Providence and this conference offer visitors many opportunities to reflect on slavery. A project by Roger Williams University Brown Professor Julian Bonder and his partner Kristof Wodiczko will remember the French city Nantes as the major slave-trading port with a giant-earthworks cut: the physical wound of slavery, filled with the waters of the Middle Passage. Bonder's design students presented an array of thoughtful public space macquettes, including African face masks with hidden mirrors that offer a reflection of the user's complicity.
A poster stand by the New-York Historical Society detailing "Run for Your Life Underground Railroad projects, demonstrated the kind of national networking that invites the public to learn more about fugitive slaves and the impact of the early African American public sphere. Given the NCPH's conference themes this year, the community of contacts was especially important on this topic.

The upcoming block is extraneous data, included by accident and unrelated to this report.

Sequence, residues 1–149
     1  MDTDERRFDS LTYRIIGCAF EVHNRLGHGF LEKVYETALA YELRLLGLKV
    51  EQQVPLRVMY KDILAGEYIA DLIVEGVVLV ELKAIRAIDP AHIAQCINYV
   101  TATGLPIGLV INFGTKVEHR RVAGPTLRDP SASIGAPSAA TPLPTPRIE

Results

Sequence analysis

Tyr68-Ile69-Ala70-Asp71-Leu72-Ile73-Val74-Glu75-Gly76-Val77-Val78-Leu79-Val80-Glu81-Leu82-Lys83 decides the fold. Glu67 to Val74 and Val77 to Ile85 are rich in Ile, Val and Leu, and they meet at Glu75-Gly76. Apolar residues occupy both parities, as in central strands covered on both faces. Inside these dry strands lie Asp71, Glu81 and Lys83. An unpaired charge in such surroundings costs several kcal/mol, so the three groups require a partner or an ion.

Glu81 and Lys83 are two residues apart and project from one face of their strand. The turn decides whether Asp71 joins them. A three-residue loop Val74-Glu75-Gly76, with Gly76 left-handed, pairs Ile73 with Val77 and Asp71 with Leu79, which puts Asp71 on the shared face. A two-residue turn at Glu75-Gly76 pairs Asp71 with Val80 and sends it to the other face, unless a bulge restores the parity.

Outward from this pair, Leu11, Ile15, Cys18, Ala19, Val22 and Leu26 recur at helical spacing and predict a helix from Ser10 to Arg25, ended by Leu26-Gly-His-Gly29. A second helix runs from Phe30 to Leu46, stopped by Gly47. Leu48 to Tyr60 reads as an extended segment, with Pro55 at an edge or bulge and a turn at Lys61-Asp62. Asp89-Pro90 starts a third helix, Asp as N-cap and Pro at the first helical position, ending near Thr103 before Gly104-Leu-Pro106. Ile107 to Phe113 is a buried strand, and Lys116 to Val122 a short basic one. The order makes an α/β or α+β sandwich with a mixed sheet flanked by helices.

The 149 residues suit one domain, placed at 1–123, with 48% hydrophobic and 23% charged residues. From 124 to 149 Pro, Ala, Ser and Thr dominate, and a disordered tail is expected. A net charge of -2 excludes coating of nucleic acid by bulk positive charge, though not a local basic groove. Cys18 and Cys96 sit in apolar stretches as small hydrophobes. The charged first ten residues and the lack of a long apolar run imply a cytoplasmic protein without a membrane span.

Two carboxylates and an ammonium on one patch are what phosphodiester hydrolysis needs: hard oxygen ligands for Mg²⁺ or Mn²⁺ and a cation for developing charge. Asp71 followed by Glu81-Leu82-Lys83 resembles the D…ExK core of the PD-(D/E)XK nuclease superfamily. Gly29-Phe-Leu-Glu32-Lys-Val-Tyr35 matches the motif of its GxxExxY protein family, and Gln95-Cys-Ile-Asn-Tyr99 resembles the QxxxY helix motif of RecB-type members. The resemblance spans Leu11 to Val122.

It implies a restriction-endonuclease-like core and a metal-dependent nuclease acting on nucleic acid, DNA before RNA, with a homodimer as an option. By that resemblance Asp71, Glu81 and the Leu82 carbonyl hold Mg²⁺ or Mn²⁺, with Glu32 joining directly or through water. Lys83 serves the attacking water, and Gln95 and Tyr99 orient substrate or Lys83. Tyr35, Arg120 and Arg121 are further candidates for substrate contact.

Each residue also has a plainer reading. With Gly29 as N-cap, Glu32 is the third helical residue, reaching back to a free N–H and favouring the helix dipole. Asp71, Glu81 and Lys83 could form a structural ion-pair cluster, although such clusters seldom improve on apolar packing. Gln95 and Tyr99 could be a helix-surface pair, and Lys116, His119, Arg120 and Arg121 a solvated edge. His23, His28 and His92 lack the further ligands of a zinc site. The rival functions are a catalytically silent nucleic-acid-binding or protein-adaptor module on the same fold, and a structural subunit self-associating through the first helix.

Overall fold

This landscape of human rights was amplified with the screening of the film Scarred Justice, the Orangeburg Massacre -- a moving documentary about the tragic shooting and wounding of students at South Carolina State in 1968. Filmmaker Judy Richardson noted how documents from Freedom of Information Act requests could provide evidence for the never-conducted investigation that today's citizens demand.
While leafing a local magazine, I discovered that Providence runs an "I Buy Art" project to encourage businesses to sell original artwork, and engage the public in the vibrant art-making activity in the city. If it weren't Sunday am at Plenary Time, I would run out and shop for an original right now!